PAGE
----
If your child is on the cusp of flying the nest, you might be filled with mixed emotions.
On one hand, it is exciting to watch your once-little children step into the big, wide world. Their futures are full of amazing opportunities just waiting to be grasped.
On the other hand, though, you might feel nervous about their ability to take care of themselves without you. If so, you may feel the need to instil them with some parting wisdom before they take the leap.
One aspect of life your child might be inexperienced in is money. Indeed, research published by MoneyAge revealed that 87% of children aged between 11 and 18 had “limited” knowledge about how to manage finances.
As a prospective student, your child may be about to receive thousands of pounds in the form of their “maintenance loan”. This loan is designed to help students pay for living expenses while they attend university.
Plus, you might have decided to give them a helping hand, offering to pay for rent, bills, or other essentials when they leave home. If you have, you may want to ensure they are spending this money sensibly.
So, here are three unmissable budgeting lessons to teach your kids before they go to university.
1. Pay yourself a “salary” out of a larger fund
If your child is set to receive a maintenance loan in September, plus any extra cash you offer to support them, this could be an overwhelming experience for them.
While they might feel excited at the prospect of being an adult with a budget to manage, if they are not careful, your child could end up spending their loan too quickly. In this instance, they could incur further debt by using credit cards, or need to ask you for further financial help.
To avoid this situation, a useful way for university students to manage their money is by paying themselves a “salary” from their student loan.
When they receive their set amount for that term, your child could:
- Transfer the entire loan into an easy access savings account, where it may earn interest
- Work out how many months the money needs to last for, and divide the loan amount by that number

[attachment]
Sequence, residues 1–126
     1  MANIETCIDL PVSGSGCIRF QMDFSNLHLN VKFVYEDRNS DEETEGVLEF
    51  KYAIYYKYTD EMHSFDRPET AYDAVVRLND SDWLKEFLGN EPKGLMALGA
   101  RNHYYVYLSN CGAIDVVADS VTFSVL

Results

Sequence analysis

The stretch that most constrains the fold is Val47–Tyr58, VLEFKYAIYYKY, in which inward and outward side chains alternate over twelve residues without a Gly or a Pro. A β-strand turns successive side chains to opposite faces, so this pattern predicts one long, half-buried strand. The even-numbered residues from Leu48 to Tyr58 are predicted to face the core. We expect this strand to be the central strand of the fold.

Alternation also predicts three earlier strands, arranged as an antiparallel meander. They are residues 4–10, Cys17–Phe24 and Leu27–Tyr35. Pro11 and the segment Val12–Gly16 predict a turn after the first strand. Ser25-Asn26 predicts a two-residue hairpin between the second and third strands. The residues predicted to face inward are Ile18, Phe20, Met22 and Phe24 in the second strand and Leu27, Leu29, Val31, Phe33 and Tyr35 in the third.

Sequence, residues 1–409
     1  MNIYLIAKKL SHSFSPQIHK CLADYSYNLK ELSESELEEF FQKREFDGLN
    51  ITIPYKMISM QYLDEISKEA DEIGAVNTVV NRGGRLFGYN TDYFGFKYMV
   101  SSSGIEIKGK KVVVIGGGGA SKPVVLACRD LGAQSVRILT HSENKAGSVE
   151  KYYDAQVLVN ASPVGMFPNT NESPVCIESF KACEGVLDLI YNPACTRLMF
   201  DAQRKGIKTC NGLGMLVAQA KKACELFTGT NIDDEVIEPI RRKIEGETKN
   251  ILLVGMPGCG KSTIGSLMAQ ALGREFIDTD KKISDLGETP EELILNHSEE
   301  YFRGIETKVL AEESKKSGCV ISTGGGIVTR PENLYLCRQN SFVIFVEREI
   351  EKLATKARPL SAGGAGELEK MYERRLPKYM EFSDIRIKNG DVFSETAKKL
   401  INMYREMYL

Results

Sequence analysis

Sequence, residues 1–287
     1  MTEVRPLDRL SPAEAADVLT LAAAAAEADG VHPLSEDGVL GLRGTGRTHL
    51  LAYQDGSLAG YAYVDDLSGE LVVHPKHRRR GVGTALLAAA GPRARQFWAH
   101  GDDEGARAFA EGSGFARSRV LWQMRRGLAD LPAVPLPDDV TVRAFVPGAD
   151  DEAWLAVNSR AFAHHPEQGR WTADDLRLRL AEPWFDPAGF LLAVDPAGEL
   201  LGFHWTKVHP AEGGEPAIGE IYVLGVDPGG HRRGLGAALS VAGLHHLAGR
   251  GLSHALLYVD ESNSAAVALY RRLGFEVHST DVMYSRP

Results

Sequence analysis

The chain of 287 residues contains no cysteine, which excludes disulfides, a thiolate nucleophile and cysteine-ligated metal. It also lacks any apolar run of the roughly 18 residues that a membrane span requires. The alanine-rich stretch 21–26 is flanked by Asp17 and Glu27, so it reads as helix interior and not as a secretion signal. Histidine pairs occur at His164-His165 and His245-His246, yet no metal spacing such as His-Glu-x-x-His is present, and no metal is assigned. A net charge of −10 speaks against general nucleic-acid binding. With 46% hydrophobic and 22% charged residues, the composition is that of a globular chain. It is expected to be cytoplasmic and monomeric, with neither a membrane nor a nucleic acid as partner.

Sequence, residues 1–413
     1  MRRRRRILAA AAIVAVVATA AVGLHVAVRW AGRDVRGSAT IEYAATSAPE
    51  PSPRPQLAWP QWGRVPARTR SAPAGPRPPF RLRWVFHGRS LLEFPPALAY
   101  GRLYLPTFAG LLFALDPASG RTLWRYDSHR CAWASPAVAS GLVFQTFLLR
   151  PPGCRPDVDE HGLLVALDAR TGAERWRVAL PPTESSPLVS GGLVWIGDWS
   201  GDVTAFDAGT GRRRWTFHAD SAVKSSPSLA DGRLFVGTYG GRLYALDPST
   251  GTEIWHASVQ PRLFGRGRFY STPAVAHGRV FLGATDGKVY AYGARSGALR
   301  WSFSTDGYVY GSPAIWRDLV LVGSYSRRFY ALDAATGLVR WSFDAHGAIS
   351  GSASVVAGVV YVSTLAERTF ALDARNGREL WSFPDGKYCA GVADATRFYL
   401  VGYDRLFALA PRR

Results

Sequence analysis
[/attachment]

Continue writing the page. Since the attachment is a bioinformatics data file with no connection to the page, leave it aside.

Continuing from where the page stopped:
- Set up a standing order that routes their monthly budget back into their current account.
By managing their finances this way, your child is effectively paying themselves a salary from a pot of money. This method helps break up their funds into smaller chunks.
Not only could this method of money management prevent your child from overspending, but it could also soothe their anxiety about being responsible for thousands of pounds for the first time.
2. Use apps to help you stay on a strict budget
Although we might nag our children to spend less time on their phones, when it comes to budgeting, digital tools could be their saving grace when they leave home.
If you attended university yourself, money management might have been a case of trial and error. Indeed, we all remember scraping the barrel at the end of the month when we had not been as responsible as we would like to admit!
Meanwhile, in the modern world, there are countless digital aids to help young people manage their finances more efficiently.
Apps like Squirrel can help your child work out their expenditure each month, labelling expenses such as rent or heating bills as essentials, as well as setting funds aside for fun.
In addition, many of these apps have multi-user functions, meaning your child could use them to split bills with others, such as housemates. So, if there is a shared cost that everyone needs to pitch in for, they can send each other reminders, or set alerts so they stay on track as a group.
These apps can also help prevent tension among students who might get caught up in who-owes-who arguments while living with their peers, not their parents, for the first time.
3. Small spends can add up to huge costs
As adults who have been budgeting for years now, we all know how easy it is to blow through your budget, while somehow not feeling like you have spent any money at all.
While there is nothing wrong with splashing out on small treats when you can, something your child might not realise at first is how easily small expenditures add up to big bills.
For example, according to Menu Price, as of August 2022, the average cost of a Starbucks latte is £3.85. This might not seem like a noticeable amount for your child to take out of their budget.
However, if they bought a Starbucks latte on their way into university five days a week, over four weeks they would spend exactly £77 on coffee.
So, as your child sets sail to new lands, it could be wise to remind them of the importance of budgeting, especially for small spends. While it is vital they kick back and have fun while living away from home for the first time, it is equally necessary that they understand the responsibilities of adult life too.
Get in touch
Want to work with an expert financial planner to help you manage your money? Get in touch with us today at DBL Asset Management.
Email firstname.lastname@example.org or call 01625 529 499 for more information.